By Renee Walker, September 13, 2022
California state lawmakers rallied to lower tuition for undocumented students in late August when Senate Bill 1141 passed the assembly and is now heading to Governor Newsom’s office. .
The legislature effectively revised the provisions of California Assembly Bill 540, which dictates the educational requirements that undocumented students must complete to qualify for in-state tuition. SB1141 aims to alleviate these demands and difficulties for a smoother transition to post-secondary education.
The Cesar E. Chavez Center for Higher Education and Services to Undocumented Students at Cal Poly Pomona has displayed its excitement and concern over the recently passed legislation.
“I’m glad we’re making more exceptions – many students are excluded from what institutions offer, you know, education should be a right,” said Mecir Ureta Rivera, senior undocumented student services coordinator. . “However, how many of these bills are we going to have to defend undocumented students, without addressing the real problem?”
The main problem being that, based on current government policies, undocumented students are limited in financial options to access higher education. Financial aid, scholarships and work studies are more difficult to obtain and sometimes not accessible at all.
Introduced by State Senator Monique Limón, SB1141 was created to reduce the educational and financial gaps that undocumented students are likely to inherit. Under current law AB540, undocumented students are exempt from paying nonresident tuition at California state universities and California community colleges if they have attended an approved California school for three years. or more, or if the student has acquired three or more years of credits or has completed three or more years of high school.
SB1141 would remove the three-year requirement and instead opt for a maximum of two years. Additionally, due to the imposition of new obligations on community college districts, with respect to determining eligibility for nonresident tuition fee exemptions, the bill would constitute a locally mandated program. by the state.
“A relative of mine is a Dreamer and I watched them struggle to get tuition,” said Teresa Aquino, social justice officer at the Cesar E. Chavez Center for Higher Education. “I know DACA helps, but since she’s considered an alien, it would really help, especially after taking a year off.”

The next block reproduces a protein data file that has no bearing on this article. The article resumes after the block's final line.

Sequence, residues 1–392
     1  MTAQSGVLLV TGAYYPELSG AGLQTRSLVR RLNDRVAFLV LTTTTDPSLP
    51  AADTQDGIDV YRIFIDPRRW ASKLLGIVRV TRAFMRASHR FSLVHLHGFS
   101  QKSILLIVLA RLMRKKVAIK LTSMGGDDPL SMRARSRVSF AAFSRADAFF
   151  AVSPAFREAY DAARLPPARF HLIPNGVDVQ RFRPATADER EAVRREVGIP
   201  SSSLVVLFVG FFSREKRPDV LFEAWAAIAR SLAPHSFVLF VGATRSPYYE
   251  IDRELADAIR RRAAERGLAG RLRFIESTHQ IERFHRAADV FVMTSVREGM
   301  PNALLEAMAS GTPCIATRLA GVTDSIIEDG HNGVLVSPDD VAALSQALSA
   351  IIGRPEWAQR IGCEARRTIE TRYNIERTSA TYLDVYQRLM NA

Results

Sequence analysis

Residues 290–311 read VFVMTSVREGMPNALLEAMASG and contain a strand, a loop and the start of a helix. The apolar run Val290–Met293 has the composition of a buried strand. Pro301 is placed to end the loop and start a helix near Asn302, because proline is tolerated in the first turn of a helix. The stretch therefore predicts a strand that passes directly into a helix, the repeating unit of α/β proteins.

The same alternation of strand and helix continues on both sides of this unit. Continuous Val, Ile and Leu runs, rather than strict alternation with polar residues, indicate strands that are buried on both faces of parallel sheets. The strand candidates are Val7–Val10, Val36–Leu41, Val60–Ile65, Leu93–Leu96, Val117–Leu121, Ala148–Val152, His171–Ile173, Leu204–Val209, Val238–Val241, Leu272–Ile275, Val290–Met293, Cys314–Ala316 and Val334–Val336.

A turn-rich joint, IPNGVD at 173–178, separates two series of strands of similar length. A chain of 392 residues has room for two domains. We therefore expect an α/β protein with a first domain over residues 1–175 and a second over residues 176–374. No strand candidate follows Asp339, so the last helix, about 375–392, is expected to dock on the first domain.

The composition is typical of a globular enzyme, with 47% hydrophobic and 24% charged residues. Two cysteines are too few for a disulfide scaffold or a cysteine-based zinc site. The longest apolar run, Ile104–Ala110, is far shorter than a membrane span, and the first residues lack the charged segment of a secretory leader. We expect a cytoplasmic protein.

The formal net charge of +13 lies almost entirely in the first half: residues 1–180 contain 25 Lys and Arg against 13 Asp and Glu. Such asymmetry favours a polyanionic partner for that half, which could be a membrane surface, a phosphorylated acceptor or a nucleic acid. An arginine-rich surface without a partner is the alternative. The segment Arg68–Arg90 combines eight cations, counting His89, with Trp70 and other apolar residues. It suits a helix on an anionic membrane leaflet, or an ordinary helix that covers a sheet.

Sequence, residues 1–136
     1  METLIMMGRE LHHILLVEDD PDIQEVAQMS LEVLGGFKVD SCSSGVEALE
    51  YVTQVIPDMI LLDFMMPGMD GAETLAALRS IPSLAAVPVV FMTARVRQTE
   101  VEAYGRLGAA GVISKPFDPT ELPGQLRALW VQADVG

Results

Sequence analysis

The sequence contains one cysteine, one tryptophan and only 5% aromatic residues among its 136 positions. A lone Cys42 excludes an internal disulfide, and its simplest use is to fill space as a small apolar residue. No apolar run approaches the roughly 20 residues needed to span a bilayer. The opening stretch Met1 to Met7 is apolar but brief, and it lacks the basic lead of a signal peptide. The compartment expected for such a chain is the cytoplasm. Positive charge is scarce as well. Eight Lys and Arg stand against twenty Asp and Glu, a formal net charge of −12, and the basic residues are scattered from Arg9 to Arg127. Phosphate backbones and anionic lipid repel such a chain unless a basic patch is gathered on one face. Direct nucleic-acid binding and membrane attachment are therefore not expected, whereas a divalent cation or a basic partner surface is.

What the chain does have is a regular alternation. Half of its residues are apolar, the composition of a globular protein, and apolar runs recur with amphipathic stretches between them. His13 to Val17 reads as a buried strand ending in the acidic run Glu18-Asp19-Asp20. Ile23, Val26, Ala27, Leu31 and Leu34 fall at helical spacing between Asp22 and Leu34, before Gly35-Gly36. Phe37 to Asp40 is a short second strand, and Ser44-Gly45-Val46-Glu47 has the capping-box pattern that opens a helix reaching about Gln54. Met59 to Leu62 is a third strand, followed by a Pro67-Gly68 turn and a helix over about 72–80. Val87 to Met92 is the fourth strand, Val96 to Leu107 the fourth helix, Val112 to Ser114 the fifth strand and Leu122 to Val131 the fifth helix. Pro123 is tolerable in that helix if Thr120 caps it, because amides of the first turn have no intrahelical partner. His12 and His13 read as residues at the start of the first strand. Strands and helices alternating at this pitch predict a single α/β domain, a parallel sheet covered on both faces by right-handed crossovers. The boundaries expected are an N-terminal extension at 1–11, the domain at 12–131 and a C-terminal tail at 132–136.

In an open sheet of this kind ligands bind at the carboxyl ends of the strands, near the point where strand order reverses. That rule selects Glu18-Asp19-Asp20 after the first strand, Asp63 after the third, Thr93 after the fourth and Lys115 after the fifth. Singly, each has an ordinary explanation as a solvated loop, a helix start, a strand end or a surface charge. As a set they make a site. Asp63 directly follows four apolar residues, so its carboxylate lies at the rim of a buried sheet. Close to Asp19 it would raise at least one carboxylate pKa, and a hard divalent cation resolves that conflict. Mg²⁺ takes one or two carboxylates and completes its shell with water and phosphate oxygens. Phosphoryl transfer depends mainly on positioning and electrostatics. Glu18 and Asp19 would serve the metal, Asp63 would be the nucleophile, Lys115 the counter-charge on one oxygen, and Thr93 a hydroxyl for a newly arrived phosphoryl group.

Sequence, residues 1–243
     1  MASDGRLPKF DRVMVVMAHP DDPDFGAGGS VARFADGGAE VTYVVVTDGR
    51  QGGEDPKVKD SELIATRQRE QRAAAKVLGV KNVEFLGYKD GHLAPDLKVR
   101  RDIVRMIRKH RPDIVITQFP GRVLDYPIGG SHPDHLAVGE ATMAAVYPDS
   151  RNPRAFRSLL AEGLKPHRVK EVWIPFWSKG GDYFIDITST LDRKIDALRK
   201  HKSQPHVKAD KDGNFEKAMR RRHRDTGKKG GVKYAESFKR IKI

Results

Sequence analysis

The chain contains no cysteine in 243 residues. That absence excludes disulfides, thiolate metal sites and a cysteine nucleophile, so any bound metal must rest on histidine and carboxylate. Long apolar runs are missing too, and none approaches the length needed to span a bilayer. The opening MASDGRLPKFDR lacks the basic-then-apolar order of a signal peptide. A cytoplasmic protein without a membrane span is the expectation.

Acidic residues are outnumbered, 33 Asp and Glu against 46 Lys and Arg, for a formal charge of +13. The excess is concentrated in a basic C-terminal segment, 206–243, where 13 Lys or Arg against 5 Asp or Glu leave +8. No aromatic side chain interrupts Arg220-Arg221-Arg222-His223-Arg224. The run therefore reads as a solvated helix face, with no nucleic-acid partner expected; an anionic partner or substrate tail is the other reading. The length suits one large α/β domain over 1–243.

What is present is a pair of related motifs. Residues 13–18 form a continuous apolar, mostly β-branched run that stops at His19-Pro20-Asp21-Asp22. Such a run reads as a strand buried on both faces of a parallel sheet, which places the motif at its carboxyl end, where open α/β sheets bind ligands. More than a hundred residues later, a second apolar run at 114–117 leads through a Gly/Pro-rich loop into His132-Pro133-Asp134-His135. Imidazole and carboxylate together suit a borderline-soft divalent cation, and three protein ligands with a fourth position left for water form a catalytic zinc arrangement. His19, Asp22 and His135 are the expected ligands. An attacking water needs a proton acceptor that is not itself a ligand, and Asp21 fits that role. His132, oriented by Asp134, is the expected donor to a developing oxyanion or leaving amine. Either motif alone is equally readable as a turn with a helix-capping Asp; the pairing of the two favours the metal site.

Cal Matters reports that, on average, nonresidents pay $10,000 more than their in-state counterparts, and California Community College nonresidents are expected to pay $7,500 more than in-state students.
At CPP, nonresidents must pay an additional $396 per unit on top of their initial payment of more than $26,000 according to California State University’s 2022-23 Cost of Undergraduate Attendance Analysis.
Although SB1141 passed, many allies are still concerned about mounting Republican pushback against the bill.
According to a report by the Laist news publication, Lassen County Republican Senator Brian Dahle expressed concern that there was no money to go around during a hearing. of the education committee in March.
Critics say California has more than enough money to offset the extra costs – up to $68 billion, leaving Californians to wonder if the problem was financial or racial.
“The institution was not made for us; it was made for white men,” said Yaritza Gonzalez, social justice manager at the Cesar Chavez E. Center for Higher Education. “There is a lot to do at the institutional level. Years of decisions would have to be deconstructed to get to the root of their self-interest and their injustice.
Education rights of undocumented students sparked another conversation focused on the contributions of immigrants to the United States
In a report by Steve Yale-Loehr, professor of law at Cornell University, documented and undocumented immigrants paid about $328 billion in taxes and in 2015 about $23.6 billion was paid with individual tax identification numbers.
While the Senate’s decision to pass SB1141 is one step closer to securing effective legislation for undocumented students, much more needs to be done. The services dedicated to helping undocumented students still do not have the necessary resources to deal actively with day-to-day situations.
“With the addition of this bill, we’re going to need the extra manpower, funding, and overall campus support,” Rivera said. “Undocumented students cannot live on campus and do not have access to all resources. They must limit their university experience. One event is not going to change everything and one person is not enough.
Image courtesy of Renee Walker